Western Kenya politicians have opposed a move by the Kenya Commercial Bank (KCB) to lease out debt-ridden Mumias Sugar Company.
The leaders have protested that there was neither public participation nor were key players consulted before the lease was executed.
The bank placed the miller under receivership after it defaulted on loans amounting to Sh500 million.
The tender, which attracted eight firms, was won by Devki Group - a steel and cement manufacturing conglomerate.
Those opposed to the leasing of the firm argue Devki Group has no experience in sugar milling.
The bank had appointed Ponangipalli Venkata Ramana Rao as the company's receiver-manager to protect its assets and recover its loans.
Read: Lease cancellation thwarts strategy to save ailing Mumias
In September 2019, the bank wrote to the receiver-manager asking him to explore all means and recover unpaid dues.
The matter surfaced in the Senate, where Kakamega Senator Cleophas Malala challenged the government to provide details of the lease.
In his statement, the senator pointed out that the purported deal did not explain who would clear the company's outstanding debts, workers' arrears and billions owed to sugar-cane farmers.
The senator challenged the government to produce details of the correspondence on which the decision to lease the company was based, arguing the law might have been violated in the process.
Mr Malala's request followed a similar demand by Nominated MP Godfrey Osotsi, who had in a letter to Speaker Justin Muturi demanded an explanation as to whether the government, the County Government of Kakamega, shareholders and the Nairobi Stock Exchange were involved, considering the government has a 20 per cent shareholding in the sugar firm.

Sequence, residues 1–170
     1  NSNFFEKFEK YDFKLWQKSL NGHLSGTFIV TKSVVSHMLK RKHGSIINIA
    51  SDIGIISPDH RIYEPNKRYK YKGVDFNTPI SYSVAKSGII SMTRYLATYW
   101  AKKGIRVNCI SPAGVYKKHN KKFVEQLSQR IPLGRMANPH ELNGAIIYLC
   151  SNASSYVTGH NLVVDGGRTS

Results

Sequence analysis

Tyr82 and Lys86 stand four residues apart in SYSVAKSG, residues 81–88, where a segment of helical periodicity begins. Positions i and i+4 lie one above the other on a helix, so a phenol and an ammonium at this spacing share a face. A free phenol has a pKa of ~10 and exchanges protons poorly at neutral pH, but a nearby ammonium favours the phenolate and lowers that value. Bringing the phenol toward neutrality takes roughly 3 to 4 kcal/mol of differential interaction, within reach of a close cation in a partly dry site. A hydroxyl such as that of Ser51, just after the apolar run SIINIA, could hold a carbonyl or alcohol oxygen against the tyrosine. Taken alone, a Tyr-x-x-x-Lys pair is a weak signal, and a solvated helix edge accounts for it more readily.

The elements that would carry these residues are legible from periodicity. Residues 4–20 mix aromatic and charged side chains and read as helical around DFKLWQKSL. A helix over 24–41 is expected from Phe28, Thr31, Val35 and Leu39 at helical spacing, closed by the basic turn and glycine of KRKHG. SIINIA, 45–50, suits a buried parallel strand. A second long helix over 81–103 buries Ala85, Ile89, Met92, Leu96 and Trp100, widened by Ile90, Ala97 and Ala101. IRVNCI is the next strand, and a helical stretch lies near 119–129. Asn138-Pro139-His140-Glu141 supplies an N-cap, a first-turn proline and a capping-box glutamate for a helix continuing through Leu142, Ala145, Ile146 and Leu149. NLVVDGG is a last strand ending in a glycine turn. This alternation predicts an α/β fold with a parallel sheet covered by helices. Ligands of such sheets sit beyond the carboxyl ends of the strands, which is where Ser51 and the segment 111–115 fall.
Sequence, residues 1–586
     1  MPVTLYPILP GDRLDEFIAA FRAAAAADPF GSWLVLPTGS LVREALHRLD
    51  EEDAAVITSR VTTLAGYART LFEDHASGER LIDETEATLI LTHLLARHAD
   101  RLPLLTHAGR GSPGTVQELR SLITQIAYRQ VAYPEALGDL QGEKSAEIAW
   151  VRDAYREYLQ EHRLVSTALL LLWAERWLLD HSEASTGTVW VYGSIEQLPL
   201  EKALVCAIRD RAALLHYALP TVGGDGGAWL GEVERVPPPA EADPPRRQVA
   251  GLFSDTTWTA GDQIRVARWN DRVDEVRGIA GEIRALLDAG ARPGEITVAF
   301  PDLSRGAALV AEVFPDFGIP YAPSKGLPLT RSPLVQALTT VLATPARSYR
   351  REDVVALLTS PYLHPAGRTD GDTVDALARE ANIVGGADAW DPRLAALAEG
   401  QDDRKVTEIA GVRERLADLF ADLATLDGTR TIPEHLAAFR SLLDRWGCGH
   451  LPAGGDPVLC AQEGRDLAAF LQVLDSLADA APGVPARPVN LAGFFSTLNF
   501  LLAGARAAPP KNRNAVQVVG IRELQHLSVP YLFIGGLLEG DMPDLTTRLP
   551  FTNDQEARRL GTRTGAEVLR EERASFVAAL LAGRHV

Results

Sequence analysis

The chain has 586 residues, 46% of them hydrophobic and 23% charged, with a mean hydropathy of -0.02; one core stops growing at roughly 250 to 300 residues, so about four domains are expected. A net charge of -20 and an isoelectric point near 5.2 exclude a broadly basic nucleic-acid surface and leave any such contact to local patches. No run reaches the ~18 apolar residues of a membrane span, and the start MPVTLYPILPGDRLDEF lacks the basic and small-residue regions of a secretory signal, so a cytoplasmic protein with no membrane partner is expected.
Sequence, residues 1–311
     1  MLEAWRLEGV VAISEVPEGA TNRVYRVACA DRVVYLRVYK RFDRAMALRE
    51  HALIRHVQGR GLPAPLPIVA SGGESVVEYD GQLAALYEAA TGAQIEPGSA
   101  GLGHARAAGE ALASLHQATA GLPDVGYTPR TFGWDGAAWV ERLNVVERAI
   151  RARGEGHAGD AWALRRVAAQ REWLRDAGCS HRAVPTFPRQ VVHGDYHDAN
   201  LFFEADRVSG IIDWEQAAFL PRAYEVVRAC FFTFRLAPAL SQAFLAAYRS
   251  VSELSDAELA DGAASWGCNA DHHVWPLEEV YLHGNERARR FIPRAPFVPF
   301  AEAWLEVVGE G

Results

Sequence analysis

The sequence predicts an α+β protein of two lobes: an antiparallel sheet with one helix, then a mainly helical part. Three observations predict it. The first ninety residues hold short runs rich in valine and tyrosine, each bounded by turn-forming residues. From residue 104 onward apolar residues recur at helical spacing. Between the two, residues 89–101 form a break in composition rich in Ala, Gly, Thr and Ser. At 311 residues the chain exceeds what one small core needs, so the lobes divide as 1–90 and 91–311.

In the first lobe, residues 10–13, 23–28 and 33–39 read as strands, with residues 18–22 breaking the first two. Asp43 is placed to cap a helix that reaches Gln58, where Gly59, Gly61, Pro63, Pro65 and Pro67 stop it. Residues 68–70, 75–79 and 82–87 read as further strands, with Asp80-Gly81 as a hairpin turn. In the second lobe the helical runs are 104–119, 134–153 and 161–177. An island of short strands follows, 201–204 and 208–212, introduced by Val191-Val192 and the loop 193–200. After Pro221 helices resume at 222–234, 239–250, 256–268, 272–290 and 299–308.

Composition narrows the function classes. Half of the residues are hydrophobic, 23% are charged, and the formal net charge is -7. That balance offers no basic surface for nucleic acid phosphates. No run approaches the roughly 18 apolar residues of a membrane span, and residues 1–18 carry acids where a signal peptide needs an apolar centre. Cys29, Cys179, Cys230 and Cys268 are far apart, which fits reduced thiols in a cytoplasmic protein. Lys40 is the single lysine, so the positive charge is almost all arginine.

"Devki Group, which has no experience in the sugar industry, has actively lobbied to win the leasing tender in direct violation of the Public Procurement and Disposal Act," Mr Osotsi said in the letter in which he further demanded that KCB directors and the government be invited to Parliament to shed light on the leasing process.
The MP expressed fears that Devki Group was only interested in exploiting scrap metal resources, land and other prime properties and had no intention of helping the miller get back on its feet.
Relevant legal instruments
Mr Malala now wants the Ministry of Agriculture to explain the procedure followed by the government to sell its stake in Mumias Sugar Company as well as the bidding process.
He further wants the ministry to reveal the identities of the other bidders, when the tendering was done and whether evaluation of the bids was done and the criteria used.
"We want to know whether the relevant legal instruments on the leasing of public utilities were adhered to," Mr Malala said.
The company has remained in the doldrums even after President Uhuru Kenyatta announced a Sh2 billion bailout package, which was reportedly channelled between 2015 and 2017.
Bungoma Senator Moses Wetang'ula argued that the Privatisation Commission should have looked into all the issues afflicting the miller and prepared a report that should have been tabled in Parliament before the lease was executed.
"Will the new investor compensate farmers in Kakamega and Bungoma who for years have relied on the miller for their livelihoods?" he posed, demanding an explanation from the government on who would account for the Sh2 billion bailout package.